Click here to view


The TGD tract was identified successfully in 78.1% of the whole number of patients; however, by using loupe magnification, the incidence of tract identification was higher in Group II (90.9 %) than in Group I (45.5 %) (difference was statistically significant, P = 0.0046) [Table 2]. The incidence of identification of the tract extension level above the hyoid and up to the tongue base was 40.9 % of the total number of patients; it was significantly higher in Group II (72.8%) than in group I (9.1%) (difference was statistically significant, P = 0.0034) [Table 2]. Regarding the operative time; it was 76.55 ± 10.85 min in Group I and 54.35 ± 14.20 min in Group II with statistically significant difference between both groups (P = 0.0001) [Table 4].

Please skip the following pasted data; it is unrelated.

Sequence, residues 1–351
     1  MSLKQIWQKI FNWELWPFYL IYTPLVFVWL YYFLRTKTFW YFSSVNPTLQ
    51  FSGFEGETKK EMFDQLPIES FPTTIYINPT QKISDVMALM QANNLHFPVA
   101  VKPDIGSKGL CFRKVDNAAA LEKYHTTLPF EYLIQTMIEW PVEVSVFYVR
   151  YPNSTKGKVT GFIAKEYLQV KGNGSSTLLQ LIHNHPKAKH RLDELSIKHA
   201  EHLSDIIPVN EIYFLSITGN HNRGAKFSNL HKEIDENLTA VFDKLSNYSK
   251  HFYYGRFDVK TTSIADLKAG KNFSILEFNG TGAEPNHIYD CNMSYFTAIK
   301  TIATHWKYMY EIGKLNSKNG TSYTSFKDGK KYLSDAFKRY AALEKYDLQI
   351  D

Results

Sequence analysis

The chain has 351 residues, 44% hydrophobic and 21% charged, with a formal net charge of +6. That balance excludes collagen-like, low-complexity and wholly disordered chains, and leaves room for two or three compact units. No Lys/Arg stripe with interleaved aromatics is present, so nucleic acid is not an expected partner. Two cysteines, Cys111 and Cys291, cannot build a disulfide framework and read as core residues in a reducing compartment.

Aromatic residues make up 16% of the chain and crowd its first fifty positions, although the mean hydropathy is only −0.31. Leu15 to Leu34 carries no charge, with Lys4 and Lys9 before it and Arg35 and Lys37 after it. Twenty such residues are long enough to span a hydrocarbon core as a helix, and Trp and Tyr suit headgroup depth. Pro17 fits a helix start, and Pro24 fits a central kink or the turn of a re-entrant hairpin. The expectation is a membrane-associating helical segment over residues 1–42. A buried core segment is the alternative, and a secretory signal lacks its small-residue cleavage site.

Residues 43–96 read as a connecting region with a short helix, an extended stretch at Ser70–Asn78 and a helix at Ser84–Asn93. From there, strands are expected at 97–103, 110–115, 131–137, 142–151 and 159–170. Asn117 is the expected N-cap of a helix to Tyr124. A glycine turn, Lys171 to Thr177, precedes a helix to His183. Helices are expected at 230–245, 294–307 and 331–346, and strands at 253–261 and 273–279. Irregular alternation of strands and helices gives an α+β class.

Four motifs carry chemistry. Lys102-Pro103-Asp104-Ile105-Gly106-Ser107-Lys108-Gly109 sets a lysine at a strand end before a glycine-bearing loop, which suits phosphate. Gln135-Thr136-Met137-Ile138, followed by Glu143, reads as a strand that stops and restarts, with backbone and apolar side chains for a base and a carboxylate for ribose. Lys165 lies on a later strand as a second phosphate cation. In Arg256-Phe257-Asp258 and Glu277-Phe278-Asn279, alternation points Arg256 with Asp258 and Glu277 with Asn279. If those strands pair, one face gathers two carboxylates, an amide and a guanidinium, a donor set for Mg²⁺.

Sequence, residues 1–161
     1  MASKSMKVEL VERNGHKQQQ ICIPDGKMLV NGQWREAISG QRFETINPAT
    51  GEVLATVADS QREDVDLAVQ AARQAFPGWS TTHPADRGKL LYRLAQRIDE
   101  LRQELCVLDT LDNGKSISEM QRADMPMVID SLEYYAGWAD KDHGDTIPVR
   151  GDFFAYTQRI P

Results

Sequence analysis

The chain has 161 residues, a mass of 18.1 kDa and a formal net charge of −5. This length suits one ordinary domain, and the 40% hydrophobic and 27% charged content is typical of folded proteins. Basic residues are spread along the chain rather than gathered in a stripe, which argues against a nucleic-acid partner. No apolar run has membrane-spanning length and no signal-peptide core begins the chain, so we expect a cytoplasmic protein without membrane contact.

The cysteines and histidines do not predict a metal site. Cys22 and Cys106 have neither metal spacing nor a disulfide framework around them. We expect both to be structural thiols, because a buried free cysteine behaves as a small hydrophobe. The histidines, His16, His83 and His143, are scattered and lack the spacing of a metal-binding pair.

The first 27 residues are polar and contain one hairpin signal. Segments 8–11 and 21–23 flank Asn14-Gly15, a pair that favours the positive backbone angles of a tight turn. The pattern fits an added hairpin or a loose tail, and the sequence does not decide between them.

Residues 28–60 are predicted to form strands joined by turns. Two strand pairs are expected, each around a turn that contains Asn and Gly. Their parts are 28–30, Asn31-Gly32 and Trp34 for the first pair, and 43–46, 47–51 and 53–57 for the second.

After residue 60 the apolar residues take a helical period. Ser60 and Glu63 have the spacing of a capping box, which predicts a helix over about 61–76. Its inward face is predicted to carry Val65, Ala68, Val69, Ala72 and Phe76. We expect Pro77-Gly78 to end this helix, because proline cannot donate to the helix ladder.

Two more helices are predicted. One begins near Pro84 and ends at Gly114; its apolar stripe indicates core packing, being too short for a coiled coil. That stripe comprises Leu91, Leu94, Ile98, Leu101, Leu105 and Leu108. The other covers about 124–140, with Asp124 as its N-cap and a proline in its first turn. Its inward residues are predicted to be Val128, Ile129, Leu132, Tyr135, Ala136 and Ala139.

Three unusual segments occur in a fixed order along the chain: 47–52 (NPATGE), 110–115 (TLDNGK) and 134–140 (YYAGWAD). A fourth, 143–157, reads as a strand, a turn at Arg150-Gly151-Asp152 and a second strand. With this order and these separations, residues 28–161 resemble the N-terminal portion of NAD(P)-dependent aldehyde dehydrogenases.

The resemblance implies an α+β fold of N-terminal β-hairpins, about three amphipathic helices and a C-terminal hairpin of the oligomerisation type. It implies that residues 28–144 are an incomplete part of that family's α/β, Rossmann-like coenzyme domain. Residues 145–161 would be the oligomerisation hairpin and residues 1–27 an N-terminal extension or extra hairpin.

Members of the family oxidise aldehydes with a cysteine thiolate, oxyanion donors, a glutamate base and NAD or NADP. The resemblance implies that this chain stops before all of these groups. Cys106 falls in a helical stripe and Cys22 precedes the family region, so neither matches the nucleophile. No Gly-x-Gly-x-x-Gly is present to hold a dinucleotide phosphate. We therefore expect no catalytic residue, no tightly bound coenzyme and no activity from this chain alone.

Discussion Top


Sistrunk technique has remained the gold standard for the management of TGDC because it has greatly reduced the recurrence rate, and is associated with a very low morbidity. Hence, several authors have proposed variants of the Sistrunk procedure. They consist of different types of wider dissections that include more tongue base tissue, an extension to the infrahyoid space including strap muscles or an en bloc central neck dissection. None of them has been proven to significantly improve the outcome and recurrences remain a matter of concern. [8],[4],[10],[11],[12],[13],[14]